If there's the willingness to see clearly and experience, then the prajna begins to click in. It is just innate in us. Wisdom mind is our birthright. It's in every single living being down to the smallest ant. But human beings have the greatest chance of accessing it.

There's this prajna so then you don't have to get rid of the shenpa. It begins to see the whole chain reaction. To use modern language, there's some wisdom that is based on a fundamental desire for wholeness or healing- which has nothing to do with ego-grasping. It has to do with wanting to connect and live from your basic goodness, your basic openness, your basic lack of prejudice, your basic lack of bias, your basic warmth. Wanting to live from that. It begins to become a stronger force than the shenpa and itself stops the chain reaction.

Those of you who have had, or still have, strong addictions and are working all the time with that urge, with that craving, with that drive to do something self-destructive yet again, you know that there has to be the willingness to fully acknowledge what's happening. Then there is the willingness to refrain from having just one more drink, or refrain from binge eating or whatever it is.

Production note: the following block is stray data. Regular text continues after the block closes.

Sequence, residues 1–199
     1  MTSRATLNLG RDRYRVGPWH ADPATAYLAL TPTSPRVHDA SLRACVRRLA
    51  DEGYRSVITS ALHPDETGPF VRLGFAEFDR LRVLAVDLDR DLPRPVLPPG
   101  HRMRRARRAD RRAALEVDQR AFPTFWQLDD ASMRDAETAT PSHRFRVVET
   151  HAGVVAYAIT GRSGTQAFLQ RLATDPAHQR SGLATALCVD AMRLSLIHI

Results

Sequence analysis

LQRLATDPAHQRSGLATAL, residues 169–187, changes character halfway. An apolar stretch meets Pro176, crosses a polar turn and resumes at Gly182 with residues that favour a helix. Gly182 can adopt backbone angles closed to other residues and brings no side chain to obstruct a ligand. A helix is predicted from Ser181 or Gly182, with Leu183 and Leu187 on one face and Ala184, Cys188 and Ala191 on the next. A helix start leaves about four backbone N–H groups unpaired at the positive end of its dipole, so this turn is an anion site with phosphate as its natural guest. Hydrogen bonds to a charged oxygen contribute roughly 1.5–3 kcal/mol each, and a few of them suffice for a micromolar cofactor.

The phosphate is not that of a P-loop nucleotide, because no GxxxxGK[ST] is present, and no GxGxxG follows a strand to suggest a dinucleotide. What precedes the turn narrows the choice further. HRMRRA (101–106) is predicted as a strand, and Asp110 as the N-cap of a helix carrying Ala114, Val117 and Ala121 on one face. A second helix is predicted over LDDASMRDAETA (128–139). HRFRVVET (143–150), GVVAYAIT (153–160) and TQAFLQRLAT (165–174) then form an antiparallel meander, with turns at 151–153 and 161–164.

It has to be done in some way that you equate it with loving kindness towards yourself, friendliness and warmth towards yourself, rather than equating it with some kind of straight jacket that you're putting on yourself, because then you get into the struggle.

You do know that if you're alcoholic, or have been alcoholic or are a recovering alcoholic, you do know that you have to stop drinking. In your case, one little sip doesn't quite do it in terms of ending the cycle. There are different degrees to how much you have to refrain. There has to be something, some pattern of habituation of strengthening the ignorance around shenpa and the ignorance that the chain reaction is even happening, the ignorance that you're even scratching, the ignorance that it's spreading all over your body, the ignorance that you're bleeding to death.